Little is known about the influence of pre-transplant comorbidities on post-transplant expenditures. We estimated the associations between pre-transplant comorbidities and post-transplant Medicare costs, using several comorbidity classification systems. We included recipients of first-kidney deceased donor transplants from 1995 through 2002 for whom Medicare was the primary payer for at least one year pre-transplant (N = 25,175). We examined pre-transplant comorbidities as classified by International Classification of Diseases (ICD-9-CM) codes from Medicare claims with the Clinical Cla­ssifications Software (CCS) and Charlson and Elixhauser algorithms. Post-transplant costs were calcu­lated from payments on Medicare claims. We developed models considering Organ Procurement and Transplantation Network (OPTN) variables plus: 1) CCS categories, 2) Charlson, 3) Elixhauser, 4) num­ber of Charlson and 5) number of Elixhauser comorbidities, independently. We applied a novel regression methodology to account for censoring. Costs were estimated at individual and population levels. The comorbidities with the largest impact on mean Medicare payments included cardiovascular disease, ma­lignancies, cerebrovascular disease, mental conditions and functional limitations. Skin ulcers and infec­tions, rheumatic and other connective tissue disease and liver disease also contributed to payments and have not been considered or described previously. A positive graded relationship was found between costs and the number of pre-transplant comorbidities. In conclusion, we showed that expansion beyond the usually considered pre-transplant comorbidities with inclusion of CCS and Charlson or Elixhauser comorbidities increased the knowledge about comorbidities related to augmented Medicare payments. Our expanded methodology can be used by others to assess more accurately the financial implications of renal transplantation to Medicare and individual transplant centers.
  3,831 500 -
Epidemiology of nocturnal enuresis in basic schoolchildren in Aden Governorate, Yemen
Khalida Anwer Yousef, Huda Omer Basaleem, Mariam Taher bin Yahiya
January-February 2011, 22(1):167-173
Nocturnal enuresis is a common problem among children and adolescents. Data regarding this problem in schoolchildren in Yemen are scarce. This study was aimed to determine the prevalence of nocturnal incontinence in Aden school going children, describe its severity and identify the relation between nocturnal enuresis with personal and family characteristics. The study was a cross-sectional survey conducted on the public basic schoolchildren in Aden, Yemen, in the period November 2007-April 2009. A random, multistage sample of 890 students was taken from four districts in eight schools and divided into two strata: males and females. Data were obtained by using pre-recoded questionnaire, which was completed by parents. The response rate was 73.7% (656 students); 113 (17.2%) cases of nocturnal enuresis were encountered. Nocturnal enuresis de-creased by age from 31.5% at 6-8 years to 8.7% at 15+ years (P < 0.05). Primary nocturnal enuresis affected 76.1%, of which the majority of children were bedwetting every night. Positive family history of nocturnal enuresis, deeper sleep, daytime enuresis, tea drinking, being non working father or with less education showed significant association with the occurrence of enuresis in the students. Stressful events in the previous 6 months of the study were twice more frequently noted. The study concluded that the prevalence of nocturnal enuresis in Aden public school children and its associated factors are almost comparable with that reported in epidemiological studies from various countries. Health education will encourage the parents to be aware, cope with this problem and seek appropriate medical advice.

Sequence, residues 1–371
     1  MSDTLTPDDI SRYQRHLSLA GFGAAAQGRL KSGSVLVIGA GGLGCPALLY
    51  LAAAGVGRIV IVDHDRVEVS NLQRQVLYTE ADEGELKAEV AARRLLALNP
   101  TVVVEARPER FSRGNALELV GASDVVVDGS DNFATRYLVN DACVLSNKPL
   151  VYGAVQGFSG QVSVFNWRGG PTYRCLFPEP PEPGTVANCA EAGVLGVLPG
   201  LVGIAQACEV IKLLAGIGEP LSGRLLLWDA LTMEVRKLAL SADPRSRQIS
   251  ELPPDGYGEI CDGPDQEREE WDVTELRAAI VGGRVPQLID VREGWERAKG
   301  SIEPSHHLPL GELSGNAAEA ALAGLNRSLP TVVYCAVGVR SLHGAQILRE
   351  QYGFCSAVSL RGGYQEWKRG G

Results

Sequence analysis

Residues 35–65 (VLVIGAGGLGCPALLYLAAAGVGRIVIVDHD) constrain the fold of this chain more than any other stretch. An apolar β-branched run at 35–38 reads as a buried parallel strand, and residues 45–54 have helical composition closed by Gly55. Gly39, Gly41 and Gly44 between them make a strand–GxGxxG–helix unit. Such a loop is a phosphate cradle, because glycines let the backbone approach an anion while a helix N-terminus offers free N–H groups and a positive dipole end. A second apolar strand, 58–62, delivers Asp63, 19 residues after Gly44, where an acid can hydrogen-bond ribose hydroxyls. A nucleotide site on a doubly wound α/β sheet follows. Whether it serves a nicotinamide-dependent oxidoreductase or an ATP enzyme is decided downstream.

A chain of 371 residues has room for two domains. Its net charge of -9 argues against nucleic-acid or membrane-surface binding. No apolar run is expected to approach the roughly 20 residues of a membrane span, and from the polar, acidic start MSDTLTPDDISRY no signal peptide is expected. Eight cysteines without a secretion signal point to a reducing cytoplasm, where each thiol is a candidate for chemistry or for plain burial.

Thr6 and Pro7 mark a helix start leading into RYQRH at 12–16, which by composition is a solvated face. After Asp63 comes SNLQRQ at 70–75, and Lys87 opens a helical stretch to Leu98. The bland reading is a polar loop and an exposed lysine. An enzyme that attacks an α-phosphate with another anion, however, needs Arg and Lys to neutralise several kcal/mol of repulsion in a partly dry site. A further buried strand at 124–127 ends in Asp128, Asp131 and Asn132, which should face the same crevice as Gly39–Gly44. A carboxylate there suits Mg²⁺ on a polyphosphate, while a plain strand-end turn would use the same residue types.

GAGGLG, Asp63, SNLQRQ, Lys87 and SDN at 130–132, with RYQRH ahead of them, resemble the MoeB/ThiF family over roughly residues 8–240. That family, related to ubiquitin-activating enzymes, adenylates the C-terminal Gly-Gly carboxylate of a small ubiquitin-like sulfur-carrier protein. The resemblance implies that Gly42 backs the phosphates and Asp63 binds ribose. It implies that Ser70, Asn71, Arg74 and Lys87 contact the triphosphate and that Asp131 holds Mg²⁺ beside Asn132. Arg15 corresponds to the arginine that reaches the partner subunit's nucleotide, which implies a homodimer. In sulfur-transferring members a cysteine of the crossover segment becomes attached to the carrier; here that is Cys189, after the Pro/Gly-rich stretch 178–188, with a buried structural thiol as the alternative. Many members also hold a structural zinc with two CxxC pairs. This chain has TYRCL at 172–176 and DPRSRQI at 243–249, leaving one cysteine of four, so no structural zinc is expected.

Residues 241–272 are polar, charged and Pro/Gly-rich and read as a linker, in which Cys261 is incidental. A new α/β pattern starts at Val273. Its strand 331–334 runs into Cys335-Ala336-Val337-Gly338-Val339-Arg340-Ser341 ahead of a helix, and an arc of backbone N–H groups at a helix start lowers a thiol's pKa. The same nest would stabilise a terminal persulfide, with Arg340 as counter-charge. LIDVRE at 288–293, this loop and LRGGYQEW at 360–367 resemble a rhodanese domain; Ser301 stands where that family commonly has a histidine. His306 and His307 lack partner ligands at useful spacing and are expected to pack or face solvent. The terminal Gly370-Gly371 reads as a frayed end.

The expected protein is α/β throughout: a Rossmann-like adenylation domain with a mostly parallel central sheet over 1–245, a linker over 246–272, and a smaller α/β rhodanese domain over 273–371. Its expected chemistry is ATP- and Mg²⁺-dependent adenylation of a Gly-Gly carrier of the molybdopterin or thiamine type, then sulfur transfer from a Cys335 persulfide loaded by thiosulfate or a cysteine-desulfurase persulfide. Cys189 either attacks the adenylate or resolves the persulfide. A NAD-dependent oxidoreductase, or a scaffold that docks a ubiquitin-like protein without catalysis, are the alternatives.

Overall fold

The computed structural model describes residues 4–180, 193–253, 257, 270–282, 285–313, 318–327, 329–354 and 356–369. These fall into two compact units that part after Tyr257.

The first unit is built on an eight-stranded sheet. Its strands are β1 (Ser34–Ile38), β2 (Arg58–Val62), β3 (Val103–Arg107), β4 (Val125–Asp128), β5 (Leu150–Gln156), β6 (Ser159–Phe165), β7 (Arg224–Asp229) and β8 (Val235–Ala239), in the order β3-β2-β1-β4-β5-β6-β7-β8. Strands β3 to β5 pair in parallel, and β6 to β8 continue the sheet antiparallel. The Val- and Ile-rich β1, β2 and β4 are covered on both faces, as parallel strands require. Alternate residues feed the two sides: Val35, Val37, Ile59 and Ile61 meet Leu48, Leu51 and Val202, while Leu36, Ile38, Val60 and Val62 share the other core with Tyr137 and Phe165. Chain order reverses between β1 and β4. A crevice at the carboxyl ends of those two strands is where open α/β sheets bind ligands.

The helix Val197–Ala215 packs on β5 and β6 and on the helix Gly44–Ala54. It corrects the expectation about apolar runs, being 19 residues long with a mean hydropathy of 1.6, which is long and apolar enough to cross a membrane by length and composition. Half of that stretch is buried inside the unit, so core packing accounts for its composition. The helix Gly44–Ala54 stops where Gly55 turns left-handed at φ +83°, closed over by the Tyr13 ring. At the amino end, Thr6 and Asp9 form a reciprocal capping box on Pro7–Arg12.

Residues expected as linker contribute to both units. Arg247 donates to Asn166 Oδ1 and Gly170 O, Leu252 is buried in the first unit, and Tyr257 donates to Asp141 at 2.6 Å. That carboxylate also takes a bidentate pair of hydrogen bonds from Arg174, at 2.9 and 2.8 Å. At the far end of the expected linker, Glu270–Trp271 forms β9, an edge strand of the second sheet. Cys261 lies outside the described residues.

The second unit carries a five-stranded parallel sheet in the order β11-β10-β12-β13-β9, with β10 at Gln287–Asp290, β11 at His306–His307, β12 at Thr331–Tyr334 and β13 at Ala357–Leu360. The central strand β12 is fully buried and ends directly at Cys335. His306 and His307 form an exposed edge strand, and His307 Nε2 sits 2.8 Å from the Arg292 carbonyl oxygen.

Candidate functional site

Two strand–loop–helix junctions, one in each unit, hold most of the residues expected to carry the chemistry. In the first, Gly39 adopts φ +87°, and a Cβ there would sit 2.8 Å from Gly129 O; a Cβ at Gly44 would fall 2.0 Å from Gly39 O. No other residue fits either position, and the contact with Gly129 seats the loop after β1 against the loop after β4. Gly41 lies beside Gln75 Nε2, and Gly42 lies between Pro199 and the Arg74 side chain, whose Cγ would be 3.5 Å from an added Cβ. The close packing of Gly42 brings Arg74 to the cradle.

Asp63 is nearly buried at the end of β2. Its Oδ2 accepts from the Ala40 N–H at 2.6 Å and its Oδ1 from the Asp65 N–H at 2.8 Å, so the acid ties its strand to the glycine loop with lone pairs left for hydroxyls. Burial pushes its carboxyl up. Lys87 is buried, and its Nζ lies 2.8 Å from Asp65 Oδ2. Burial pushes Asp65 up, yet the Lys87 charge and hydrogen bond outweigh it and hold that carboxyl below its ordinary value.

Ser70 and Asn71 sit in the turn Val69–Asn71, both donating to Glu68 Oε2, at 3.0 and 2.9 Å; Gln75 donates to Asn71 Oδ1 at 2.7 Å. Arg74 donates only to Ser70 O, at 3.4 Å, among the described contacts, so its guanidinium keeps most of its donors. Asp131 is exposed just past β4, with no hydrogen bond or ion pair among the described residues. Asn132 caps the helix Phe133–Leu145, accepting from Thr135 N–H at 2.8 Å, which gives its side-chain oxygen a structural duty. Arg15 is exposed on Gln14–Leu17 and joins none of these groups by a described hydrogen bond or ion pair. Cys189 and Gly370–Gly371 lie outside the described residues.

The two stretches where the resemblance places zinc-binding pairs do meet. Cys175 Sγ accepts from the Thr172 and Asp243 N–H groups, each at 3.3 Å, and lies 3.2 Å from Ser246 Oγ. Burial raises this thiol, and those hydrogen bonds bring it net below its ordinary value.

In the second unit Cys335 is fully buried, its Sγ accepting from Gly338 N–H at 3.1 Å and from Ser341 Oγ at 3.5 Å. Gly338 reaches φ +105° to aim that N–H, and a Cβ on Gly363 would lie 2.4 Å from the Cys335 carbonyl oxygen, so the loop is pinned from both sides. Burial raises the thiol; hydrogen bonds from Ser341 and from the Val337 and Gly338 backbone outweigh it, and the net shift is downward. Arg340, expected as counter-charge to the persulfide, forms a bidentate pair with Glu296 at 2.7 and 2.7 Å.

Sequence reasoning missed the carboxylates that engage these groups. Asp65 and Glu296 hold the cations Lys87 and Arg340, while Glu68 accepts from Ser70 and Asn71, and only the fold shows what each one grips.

3,448 565 3
The anomalies associated with congenital solitary functioning kidney in children
Kamal Akl
January-February 2011, 22(1):67-71
The aim of this study was to determine the incidence of associated urological and non-urological anomalies as well as the renal outcome in patients with a congenital solitary func­tioning kidney (CSFK). A retrospective review of 30 consecutive cases of CSFK seen at the pediatric renal service at the Jordan University Hospital between 2004 and 2008 was performed. There were 20 males and 10 females, whose ages ranged from five days to 14 years. In 20 patients (67%), the left kidney was absent. Associated anomalies were detected in 23 (77%) of the 30 patients; urological anomalies accounted for 47% (14/30) and non-urological anomalies were found in 19/30 (53%) patients. The latter included anomalies of the ear, nose and throat (ENT) in 9/30 (30%), musculoskeletal system (one with hypermobile joints) in 8/30 (27%), gastrointestinal (GI) in 7/30 (23%), cardiovascular (CV) in 4/30 (13%) and dermatological with epidermolysis bullosa, endocrine (euthyroid goiter) and gynecological (cervical cyst) in one patient each (3%). Proteinuria was seen in 6/30 (20%) and hypertension in 2/30 (7%) patients. Chronic renal failure (CRF) was seen in 6/30 (20%) patients, of whom three had end-stage renal failure (ESRF). CRF was seen mainly in patients with more than two associated urological anomalies. Idiopathic hyperuricosuria was found in five of the six tested patients (83%). In our study, the most common associated anomalies with CSFK were urological. The presence of more than two associated urological anomalies increased the risk of CRF.